The state’s Autonomous Vehicles Testing Policy Task Force Tuesday delivered recommended guidance to PennDOT Secretary Leslie S. Richards for developing policies to oversee testing of highly automated vehicles (HAVs) and has scheduled an online public forum for December 12 to review the report.
The task force’s goal is to create a framework for testing HAVs in Pennsylvania that balances public safety with innovation and provides for the flexibility required to keep the state in the forefront of the development of this emerging and potentially transformative technology.
“Autonomous and connected vehicles will change transportation and could bring benefits of safer travel and greater ease of mobility for all if rules are in place to ensure passenger and pedestrian safety,” Richards said. “This guidance shows Pennsylvania’s understanding of public concerns and our commitment to being a leader in the research and testing of these technologies in ways that are both safe and innovative.
“Since HAVs will bring major changes to our transportation system, it is vital for Pennsylvanians to be informed and engaged in this process, so I encourage the public to participate in the December 12 online forum,” she added.
The guidance is the result of months of collaboration among state, federal, and private-industry officials, such as the Federal Highway Administration, AAA, Carnegie Mellon University, General Motors, Uber, the University of Pennsylvania, SAE and the Pennsylvania Motor Truck Association. PennDOT chaired the task force.
Safety was paramount in the Task Force’s approach. Among its recommendations:
-- Testers of highly automated vehicles (HAVs) must submit testing proposals to PennDOT and enter contracts attesting that the vehicles meet all federal and state safety standards and meet the policies adopted by PennDOT.
-- PennDOT has to be notified prior to any HAV being used without an operator in fully self-driving mode.
-- PennDOT and the Pennsylvania Turnpike Commission may temporarily restrict HAVs from certain routes. Otherwise, HAVs may be tested on any road in the state. Municipalities can also ask PennDOT to temporarily restrict HAVs on local routes.
-- Platooning of HAVs will be restricted to two commercial or three passenger vehicles. However, testers can ask to use more HAVs in platooning, but PennDOT can ask for a safety demonstration first.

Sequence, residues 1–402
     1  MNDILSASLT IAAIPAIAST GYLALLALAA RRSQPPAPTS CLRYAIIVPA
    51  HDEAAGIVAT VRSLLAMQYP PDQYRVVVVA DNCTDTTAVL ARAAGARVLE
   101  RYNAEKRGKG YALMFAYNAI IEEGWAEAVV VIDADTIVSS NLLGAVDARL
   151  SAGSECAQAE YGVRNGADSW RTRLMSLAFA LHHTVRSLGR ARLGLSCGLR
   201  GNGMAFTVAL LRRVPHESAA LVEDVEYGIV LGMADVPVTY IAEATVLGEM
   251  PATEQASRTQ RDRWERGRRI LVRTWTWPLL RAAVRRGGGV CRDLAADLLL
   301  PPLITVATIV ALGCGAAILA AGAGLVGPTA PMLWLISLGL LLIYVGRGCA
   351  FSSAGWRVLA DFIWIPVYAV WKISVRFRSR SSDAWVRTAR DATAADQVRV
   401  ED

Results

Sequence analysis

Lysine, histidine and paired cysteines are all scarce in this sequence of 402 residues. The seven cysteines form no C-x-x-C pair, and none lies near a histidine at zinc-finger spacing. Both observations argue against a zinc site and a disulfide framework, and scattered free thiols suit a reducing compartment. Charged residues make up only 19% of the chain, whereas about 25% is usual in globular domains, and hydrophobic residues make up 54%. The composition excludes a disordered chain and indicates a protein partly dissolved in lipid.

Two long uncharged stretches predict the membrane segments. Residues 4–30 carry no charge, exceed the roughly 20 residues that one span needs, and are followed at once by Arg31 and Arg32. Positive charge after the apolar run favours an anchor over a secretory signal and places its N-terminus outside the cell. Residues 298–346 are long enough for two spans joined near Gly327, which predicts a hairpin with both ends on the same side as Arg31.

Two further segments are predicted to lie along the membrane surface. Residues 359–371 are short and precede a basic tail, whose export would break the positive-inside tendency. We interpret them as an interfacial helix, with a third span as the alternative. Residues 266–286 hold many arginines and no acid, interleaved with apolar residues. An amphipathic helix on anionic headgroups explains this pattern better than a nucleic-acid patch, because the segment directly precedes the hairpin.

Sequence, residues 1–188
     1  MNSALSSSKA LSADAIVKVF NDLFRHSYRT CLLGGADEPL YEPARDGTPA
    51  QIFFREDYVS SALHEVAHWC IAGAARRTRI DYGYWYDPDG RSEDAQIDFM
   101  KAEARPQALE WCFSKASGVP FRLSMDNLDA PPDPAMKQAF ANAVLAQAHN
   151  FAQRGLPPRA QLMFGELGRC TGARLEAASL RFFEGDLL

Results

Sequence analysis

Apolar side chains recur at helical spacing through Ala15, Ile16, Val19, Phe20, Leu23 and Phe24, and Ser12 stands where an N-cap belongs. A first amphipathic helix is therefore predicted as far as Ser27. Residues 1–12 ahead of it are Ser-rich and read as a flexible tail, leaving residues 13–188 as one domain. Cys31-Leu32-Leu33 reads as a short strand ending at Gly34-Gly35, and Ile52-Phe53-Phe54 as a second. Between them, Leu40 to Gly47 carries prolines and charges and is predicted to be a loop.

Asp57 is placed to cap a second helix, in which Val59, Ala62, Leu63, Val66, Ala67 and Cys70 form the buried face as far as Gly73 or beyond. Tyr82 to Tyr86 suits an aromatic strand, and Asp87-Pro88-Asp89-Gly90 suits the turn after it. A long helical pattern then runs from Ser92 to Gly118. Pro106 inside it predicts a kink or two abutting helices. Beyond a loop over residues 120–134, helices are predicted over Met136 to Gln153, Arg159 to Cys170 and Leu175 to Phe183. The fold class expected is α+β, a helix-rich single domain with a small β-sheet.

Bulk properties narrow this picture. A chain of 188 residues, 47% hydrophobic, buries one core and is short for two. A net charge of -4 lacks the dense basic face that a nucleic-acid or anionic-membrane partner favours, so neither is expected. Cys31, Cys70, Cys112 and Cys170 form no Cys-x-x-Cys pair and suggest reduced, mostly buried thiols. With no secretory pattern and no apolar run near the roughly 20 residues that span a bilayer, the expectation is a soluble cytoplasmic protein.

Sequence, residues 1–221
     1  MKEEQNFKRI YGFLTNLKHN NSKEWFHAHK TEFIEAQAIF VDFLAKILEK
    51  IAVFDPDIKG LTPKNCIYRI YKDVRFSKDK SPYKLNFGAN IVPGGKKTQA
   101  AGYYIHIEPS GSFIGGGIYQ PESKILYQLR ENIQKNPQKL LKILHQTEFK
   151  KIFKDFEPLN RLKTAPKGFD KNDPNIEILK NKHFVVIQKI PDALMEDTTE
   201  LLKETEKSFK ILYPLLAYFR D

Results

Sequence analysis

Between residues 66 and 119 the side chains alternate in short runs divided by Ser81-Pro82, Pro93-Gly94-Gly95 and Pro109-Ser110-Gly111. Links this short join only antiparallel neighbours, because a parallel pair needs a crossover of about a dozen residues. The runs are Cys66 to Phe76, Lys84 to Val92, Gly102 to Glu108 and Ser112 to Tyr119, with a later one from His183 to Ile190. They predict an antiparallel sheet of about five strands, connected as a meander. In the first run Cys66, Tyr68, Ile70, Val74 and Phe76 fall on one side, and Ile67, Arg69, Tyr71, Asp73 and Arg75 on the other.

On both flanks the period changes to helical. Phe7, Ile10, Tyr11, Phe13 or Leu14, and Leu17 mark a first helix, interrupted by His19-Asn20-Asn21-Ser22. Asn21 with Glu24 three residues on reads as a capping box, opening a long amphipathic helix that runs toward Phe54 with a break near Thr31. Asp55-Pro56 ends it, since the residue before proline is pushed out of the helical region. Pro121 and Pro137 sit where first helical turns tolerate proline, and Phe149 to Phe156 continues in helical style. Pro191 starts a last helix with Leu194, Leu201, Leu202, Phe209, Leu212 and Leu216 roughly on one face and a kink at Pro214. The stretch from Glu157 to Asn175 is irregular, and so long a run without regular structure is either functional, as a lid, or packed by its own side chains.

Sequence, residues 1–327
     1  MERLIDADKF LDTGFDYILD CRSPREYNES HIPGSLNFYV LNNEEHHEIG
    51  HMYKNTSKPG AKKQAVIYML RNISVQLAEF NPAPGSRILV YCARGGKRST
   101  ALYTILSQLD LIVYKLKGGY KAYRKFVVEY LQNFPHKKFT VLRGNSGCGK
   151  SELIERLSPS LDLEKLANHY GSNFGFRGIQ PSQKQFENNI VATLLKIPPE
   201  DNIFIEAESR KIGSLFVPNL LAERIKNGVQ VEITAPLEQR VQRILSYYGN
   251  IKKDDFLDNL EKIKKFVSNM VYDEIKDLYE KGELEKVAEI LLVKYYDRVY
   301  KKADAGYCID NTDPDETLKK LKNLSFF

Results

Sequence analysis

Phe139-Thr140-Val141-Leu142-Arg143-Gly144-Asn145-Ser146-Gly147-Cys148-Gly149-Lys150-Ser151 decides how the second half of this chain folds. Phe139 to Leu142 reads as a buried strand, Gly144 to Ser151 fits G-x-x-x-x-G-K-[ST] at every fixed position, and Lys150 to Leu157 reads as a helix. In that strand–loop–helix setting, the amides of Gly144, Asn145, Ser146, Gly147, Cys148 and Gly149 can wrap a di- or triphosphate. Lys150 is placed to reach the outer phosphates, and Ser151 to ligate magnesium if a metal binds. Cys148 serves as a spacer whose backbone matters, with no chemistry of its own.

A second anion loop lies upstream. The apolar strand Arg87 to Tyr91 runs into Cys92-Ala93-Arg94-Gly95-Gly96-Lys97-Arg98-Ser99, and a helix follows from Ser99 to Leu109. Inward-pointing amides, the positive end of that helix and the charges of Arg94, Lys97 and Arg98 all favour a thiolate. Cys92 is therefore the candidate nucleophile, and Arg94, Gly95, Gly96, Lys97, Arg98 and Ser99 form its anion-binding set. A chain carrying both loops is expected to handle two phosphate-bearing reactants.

-- The HAVs must be able to record data that can be used to investigate crashes involving the HAVs. PennDOT will have access to the data.
-- Testers must certify that cybersecurity protections are in place for the HAVs.
-- PennDOT will collect data on total miles operated by HAVs, total number of hours of operation, and size of HAV fleets. PennDOT may also ask for other information such as counties where HAVs are being tested and percentage of testing done on limited access highways.
Adoption of policies will be contingent on the enactment of authorizing legislation in the next session in 2017.
The public is invited to participate in the online public meeting on Dec.12, from 7:00 p.m. to 8:00 p.m. The public may join the meeting by visiting PennDOT’s Automated Vehicle Testing webpage, and clicking on the webinar link at the time of the meeting.
During the live Webcast, Richards will join department Deputy Secretary for Driver & Vehicle Services Kurt J. Myers and Policy Director Roger Cohen, task force co-chairs, as well as the authors of the draft policy, to present the recommendations. They will also answer questions submitted before and during the meeting.
The public is encouraged to review the policy on PennDOT’s website, and is welcome to ask questions of the panelists during the online meeting. Email questions to: email@example.com.
Following the online meeting, the task force’s final recommendations will be posted on the PennDOT website.
The public may submit feedback on the recommendations through January 12, 2017 by emailing firstname.lastname@example.org.For more information, visit PennDOT’s Autonomous Vehicle Testing webpage.